Most people grill, bake or fry their Homer halibut. The meat is white and has a clean taste so it tends to absorb other flavors when it’s cooked in a sauce. Halibut is also very nutritious because it’s low in fat, high in Omega-3s, and an excellent source of protein.
Halibut also freezes well, which is important if you’re going to ship your fish back home. Your catch can be inexpensively processed at the local Homer halibut processing plant. Your halibut fillets will be cut into portions and flash-frozen, then packed into wax-sealed boxes for shipping. If you keep it frozen, your halibut will be good to eat for at least two years without any hint of that fishy taste.
Your Homer Halibut Fishing Trip Should Be a Total Experience
Our long rang Homer halibut charters are something truly special. The best fishing trips offer far more than fishing. The Alaskan wilderness backdrop is arguably the most incredible setting for any charter anywhere in the world.
It’s common to see all sorts of wildlife on your fishing charter. Humpback whales are often spotted breaching and tail-slapping when we are out on our long-range trips. Orcas are also frequently spotted. Sometimes orcas travel in small pods with a large male and a couple of females and sometimes we encounter mega-pods comprised of dozens of orcas.
Sea lions, seals, and sea otters, and Dahl porpoise are also commonly spotted. Sometimes massive schools of porpoise are seen tearing through the water.
Our long-range Homer charters also take you to some truly remote regions. Kodiak is well known as a lush-green island that stirs the imagination. The sprawling Alaskan Peninsula is as remote as it gets. Much of the peninsula is an unspoiled wilderness where brown bears rule. Glaciers and volcanoes are still shaping this incredible, ancient land.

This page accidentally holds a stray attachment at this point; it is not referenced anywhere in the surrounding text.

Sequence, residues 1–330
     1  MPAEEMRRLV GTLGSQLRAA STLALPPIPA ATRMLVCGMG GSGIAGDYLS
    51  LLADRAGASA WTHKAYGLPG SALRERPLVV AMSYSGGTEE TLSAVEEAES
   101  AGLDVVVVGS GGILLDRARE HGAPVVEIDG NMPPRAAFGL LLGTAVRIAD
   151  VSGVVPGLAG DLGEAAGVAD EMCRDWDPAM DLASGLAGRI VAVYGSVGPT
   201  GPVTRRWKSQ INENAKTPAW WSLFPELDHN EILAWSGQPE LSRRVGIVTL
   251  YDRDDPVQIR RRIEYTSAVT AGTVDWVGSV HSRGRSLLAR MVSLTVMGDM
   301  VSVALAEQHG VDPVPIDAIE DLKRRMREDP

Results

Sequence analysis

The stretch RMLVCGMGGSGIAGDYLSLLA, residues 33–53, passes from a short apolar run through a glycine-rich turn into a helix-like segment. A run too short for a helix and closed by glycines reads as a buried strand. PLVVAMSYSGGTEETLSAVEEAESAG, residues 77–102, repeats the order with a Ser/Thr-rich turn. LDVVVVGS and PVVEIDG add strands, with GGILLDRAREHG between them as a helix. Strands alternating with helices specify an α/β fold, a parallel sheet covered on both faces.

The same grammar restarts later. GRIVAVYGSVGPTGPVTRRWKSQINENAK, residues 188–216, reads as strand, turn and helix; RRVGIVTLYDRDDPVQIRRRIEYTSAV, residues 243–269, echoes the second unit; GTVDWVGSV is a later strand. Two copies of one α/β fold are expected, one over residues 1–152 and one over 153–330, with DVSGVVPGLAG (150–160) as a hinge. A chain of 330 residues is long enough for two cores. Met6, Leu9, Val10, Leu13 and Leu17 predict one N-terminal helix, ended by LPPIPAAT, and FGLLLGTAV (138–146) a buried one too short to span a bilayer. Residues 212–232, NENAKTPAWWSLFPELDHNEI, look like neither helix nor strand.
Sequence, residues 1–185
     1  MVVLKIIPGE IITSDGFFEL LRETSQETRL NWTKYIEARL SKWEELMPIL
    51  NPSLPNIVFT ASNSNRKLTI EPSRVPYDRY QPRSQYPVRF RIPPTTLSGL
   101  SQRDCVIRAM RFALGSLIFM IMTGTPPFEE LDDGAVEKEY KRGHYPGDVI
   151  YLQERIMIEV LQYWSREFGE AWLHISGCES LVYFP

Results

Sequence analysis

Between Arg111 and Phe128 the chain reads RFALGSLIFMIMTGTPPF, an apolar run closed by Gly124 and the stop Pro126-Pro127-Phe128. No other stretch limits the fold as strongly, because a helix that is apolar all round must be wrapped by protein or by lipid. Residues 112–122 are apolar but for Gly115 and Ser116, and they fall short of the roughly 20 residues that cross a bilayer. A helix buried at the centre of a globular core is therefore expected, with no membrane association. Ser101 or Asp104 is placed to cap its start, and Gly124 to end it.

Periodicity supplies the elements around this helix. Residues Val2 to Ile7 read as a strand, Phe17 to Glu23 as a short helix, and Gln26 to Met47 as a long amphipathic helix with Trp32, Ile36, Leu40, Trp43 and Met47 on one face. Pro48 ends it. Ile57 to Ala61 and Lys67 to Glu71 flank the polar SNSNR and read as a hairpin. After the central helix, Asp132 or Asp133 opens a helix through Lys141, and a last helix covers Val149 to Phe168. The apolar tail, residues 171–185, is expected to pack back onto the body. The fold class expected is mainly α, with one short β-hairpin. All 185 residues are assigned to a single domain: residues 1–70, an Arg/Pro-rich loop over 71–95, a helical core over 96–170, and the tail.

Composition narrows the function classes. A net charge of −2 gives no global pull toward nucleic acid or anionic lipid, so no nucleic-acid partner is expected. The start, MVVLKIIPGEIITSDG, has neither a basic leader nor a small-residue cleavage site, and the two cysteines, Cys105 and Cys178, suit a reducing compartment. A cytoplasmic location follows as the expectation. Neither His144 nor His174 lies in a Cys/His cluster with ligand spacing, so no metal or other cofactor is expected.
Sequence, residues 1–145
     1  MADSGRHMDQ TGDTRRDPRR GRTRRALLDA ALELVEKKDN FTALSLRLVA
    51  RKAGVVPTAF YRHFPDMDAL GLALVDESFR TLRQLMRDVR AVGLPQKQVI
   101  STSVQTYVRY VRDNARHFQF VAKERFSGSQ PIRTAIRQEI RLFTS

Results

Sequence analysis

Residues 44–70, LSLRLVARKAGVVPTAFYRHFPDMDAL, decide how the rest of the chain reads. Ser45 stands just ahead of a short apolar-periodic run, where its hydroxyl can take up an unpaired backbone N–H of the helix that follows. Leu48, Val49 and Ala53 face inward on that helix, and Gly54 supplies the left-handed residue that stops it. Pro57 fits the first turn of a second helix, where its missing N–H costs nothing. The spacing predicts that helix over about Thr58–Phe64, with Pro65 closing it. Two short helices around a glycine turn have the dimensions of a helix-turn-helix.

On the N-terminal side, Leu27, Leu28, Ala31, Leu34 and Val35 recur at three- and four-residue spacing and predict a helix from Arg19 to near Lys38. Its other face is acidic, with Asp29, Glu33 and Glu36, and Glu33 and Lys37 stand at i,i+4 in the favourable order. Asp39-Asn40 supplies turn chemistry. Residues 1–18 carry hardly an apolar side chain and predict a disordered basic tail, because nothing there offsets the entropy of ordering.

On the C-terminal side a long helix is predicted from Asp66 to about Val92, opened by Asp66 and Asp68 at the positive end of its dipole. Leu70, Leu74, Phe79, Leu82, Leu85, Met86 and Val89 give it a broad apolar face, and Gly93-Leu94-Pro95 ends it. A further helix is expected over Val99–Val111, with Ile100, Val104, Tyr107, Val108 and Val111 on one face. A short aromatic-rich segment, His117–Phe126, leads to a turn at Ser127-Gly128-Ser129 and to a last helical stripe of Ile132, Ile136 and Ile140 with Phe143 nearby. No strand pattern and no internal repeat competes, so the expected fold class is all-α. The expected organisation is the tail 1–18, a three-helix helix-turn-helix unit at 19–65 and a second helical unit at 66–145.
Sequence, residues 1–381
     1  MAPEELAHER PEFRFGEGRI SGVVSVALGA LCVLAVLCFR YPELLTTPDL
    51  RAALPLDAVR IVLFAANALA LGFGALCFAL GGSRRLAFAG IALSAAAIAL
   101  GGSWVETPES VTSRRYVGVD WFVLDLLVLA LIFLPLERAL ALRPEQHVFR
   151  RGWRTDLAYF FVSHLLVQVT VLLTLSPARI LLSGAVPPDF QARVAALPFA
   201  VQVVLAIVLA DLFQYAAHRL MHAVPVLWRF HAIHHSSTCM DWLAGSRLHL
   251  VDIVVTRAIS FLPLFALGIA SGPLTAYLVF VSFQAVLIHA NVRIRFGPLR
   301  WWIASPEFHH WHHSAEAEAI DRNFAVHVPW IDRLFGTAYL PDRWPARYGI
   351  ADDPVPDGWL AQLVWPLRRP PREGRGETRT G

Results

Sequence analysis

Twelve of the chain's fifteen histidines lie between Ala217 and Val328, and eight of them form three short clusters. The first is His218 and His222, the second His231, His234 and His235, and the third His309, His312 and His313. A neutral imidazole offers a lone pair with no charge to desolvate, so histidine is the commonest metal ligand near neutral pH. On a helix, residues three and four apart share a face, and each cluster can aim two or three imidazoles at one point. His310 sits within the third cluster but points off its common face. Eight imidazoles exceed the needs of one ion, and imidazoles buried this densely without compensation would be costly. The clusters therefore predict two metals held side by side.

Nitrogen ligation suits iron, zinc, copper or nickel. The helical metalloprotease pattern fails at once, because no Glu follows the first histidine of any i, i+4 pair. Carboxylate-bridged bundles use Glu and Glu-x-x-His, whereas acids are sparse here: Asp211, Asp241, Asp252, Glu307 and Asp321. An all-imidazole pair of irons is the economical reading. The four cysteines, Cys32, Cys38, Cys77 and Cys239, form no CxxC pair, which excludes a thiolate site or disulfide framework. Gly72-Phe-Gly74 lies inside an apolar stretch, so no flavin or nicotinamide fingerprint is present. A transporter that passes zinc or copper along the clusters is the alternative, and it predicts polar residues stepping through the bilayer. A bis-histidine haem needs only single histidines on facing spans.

This is what makes your Homer fishing charter with Alaskan Ocean Pros so special. We offer so much more than catching fish. As the only day-charter offering long-range trips, you will have the experience of a lifetime.
Homer, Alaska – Alaska’s Halibut Headquarters
Many people consider Homer to be the most beautiful city in the entire state of Alaska. If you ever get the chance to watch a full moon rise over Kachemak Bay, you won’t be able to argue. With a population of only 5,000, Homer retains its small-town charm and is known around the world as a premier fishing destination.
The Sterling Highway connects Homer to the Kenai Peninsula and the entire road system of North America. You can drive all the way out to the end of the road on the Homer Spit, which is where most of the fishing action happens in town.
Homer Halibut Fishing
Much of the local economy centers around Homer halibut and salmon fishing, both commercially and on local charters. Tourism is fast becoming another major source of local revenue. No trip to Homer is complete without a visit to the Salty Dog Saloon on the Homer Spit.
During your stay in Homer, be sure to keep an eye out for local wildlife like moose. Homer is also a bird watchers paradise if you’re into that kind of thing.
What To Bring on Your Homer Halibut Fishing Trip
When it comes to weather, Homer fishing trips can be unpredictable. Your charter may feature sunny skies and calm seas but long-range trips can sometimes get bumpy and chilly, so it’s good to be fully prepared.
For clothing, it’s always a good idea to bring more layers than you need for your Homer halibut fishing trip. Alaskans typically wear a base layer of Merino wool or a synthetic blend, a layer or two of fleece, and a shell layer of something water and wind-resistant.